On Sept. 4 we anticipated a nutrient-recycling opportunity following an early harvest in drought-hit areas of the central-western Corn Belt. That’s happening now. Here’s the strategy we encourage to get an early start on cover crops and residue recycling.
September 15, 2020 — Yesterday, agronomist Mike Williams sent us the field photo below, taken in Pocahontas County as an example of unusually advanced corn harvest. In an earlier story, we encouraged taking advantage of early harvest to gain an edge on fall nutrient recycling by spraying residue with a live microbial mix to accelerate conversion of lignin and cellulose into nutrients for next season. Also see consultant Brad Forkner’s rationale for residue recycling at this link.
Even if you’ve already stored your sprayer for winter, it’s worth cleaning it out with a bit of WakeUP and then applying a residue digester such as Biodyne USA’s Meltdown. We have Meltdown available here at Renewable Farming (Call Erik at 319-610-2506). Cost of Meltdown at a quart per acre is $10.50 per acre. It’s a complete mix including “starter” nutrients to kick off microbial bloom. You can also use Biodyne’s original stubble digester, Environoc 501, for $8.56 per acre. Many farmers add a gallon or two of 28% nitrogen to their residue digestion mix. It can also be tank-mixed with a fall residual weed spray.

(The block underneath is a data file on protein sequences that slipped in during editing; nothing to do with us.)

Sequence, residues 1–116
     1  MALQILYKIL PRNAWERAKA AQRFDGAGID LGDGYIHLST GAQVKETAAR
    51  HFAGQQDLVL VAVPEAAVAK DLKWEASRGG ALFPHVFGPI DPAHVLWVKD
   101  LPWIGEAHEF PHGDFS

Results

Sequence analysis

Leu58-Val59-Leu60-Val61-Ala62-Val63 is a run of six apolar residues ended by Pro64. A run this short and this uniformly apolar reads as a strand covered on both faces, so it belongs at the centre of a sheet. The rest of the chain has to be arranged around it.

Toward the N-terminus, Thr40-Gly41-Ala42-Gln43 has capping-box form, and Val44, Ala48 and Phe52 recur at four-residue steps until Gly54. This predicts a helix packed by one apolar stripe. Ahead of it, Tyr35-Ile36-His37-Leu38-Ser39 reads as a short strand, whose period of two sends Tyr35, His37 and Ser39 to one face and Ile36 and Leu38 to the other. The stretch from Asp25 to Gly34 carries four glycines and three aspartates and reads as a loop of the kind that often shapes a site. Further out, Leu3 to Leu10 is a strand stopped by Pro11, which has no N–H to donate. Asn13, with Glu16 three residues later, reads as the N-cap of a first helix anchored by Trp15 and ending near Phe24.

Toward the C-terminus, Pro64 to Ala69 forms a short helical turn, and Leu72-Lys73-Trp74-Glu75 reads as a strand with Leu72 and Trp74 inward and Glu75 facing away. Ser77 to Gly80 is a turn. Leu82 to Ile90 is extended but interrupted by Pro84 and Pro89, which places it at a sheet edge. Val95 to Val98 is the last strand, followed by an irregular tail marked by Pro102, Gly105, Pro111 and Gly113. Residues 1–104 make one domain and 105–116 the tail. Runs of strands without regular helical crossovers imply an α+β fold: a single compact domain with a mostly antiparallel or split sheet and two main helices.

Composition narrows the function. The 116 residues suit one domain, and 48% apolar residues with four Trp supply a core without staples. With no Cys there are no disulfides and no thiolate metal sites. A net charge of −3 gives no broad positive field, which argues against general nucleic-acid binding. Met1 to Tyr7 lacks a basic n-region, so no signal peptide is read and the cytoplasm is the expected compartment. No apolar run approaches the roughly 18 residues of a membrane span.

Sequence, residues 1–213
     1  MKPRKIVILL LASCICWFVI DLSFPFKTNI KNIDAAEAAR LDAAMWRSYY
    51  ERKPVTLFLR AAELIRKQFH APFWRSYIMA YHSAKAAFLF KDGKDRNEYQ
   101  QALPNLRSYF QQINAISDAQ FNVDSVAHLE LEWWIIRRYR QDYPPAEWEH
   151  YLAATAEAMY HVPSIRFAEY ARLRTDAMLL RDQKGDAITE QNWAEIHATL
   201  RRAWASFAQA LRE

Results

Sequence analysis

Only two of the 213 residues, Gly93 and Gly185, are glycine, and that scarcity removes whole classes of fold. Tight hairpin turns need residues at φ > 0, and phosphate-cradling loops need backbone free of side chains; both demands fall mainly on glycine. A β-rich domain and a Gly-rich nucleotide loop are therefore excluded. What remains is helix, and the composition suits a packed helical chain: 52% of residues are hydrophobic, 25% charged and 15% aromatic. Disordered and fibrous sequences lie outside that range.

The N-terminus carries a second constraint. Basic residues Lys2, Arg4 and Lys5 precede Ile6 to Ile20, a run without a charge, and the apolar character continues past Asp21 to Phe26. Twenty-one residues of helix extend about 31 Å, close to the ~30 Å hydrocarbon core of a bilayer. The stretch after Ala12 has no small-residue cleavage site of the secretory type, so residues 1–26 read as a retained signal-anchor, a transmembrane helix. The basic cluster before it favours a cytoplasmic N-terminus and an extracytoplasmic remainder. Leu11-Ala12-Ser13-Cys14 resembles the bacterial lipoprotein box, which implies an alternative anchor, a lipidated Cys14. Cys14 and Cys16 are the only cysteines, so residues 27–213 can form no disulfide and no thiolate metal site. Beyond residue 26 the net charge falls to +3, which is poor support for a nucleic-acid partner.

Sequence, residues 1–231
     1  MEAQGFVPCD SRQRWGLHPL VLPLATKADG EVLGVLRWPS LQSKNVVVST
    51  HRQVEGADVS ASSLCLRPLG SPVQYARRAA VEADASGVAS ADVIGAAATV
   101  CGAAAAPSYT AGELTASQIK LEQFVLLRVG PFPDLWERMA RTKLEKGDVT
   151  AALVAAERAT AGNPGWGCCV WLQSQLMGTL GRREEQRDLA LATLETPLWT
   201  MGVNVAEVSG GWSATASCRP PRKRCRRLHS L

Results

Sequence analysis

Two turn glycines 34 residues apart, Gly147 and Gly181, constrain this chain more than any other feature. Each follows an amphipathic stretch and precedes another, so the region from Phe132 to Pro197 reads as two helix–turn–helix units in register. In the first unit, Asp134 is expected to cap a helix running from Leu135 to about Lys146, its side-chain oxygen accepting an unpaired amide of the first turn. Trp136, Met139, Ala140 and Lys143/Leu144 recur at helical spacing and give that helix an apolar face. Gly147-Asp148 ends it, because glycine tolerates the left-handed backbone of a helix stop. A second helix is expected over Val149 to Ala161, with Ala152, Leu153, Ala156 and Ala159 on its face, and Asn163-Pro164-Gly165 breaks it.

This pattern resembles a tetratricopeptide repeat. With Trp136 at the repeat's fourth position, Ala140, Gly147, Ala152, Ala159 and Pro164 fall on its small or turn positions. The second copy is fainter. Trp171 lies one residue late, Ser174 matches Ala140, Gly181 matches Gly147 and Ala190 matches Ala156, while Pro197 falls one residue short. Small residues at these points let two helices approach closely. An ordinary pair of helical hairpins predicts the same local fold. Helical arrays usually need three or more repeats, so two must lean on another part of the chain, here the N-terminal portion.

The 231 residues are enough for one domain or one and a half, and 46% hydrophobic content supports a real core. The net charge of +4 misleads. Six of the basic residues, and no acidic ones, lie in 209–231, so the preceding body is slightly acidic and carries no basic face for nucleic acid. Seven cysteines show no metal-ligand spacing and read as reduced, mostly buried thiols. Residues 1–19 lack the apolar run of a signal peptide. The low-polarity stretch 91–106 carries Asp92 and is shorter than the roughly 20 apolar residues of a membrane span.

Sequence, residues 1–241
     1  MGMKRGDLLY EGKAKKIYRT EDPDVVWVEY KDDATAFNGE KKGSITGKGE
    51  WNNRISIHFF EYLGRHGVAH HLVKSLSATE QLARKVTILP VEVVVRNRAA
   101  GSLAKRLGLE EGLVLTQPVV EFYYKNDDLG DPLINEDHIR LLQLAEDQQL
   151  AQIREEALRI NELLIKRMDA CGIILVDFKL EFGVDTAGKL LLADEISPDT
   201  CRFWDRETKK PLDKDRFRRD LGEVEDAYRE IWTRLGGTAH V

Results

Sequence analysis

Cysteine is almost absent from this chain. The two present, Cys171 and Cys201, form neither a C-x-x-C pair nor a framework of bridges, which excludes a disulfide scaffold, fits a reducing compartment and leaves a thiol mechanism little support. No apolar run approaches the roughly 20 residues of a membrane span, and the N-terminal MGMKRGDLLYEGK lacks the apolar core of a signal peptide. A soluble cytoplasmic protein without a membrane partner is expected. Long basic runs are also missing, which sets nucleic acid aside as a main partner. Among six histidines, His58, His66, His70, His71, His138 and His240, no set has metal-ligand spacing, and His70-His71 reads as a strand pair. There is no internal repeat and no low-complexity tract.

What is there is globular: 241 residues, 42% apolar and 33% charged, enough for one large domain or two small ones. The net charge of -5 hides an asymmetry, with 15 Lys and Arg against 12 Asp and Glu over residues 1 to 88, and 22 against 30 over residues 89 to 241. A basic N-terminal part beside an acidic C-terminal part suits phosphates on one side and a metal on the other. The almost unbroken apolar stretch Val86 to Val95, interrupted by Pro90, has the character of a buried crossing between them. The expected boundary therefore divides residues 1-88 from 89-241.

The granddaddy of residue digesters, Residuce, is $8.65 per acre plus whatever microbe nutrient you add such as sugar, nitrogen, sulfur or something else.
Visit this link to learn more about Meltdown, which is sprayed at 32 ounces per acre.
We’ve previously suggested a thorough shredding of stalks with a flail chopper before spraying, or as you spray. But another stalk-cracking tool is the Yetter Devastator, which mounts under your combine header and crimps the stalks as you combine.
If you chisel plow, spraying ahead of that tillage job captures value from cornstalks.
This is not a sophisticated application that calls for precision GPS. An old $3,000 pull-type sprayer, a utility tractor and a helper can do the job while you focus on combining.
Across much of central Iowa, some farmers are opting to shred or disk derecho-flattened corn rather than trying to salvage it. This is another good opportunity for spraying with a residue digesting product before shredding or disking. Farm Journal Field agronomist Ken Ferrie is advising farmers with seriously damaged corn to “walk away” from the corn, take the insurance and turn the 2020 downed corn into mulch soon as possible.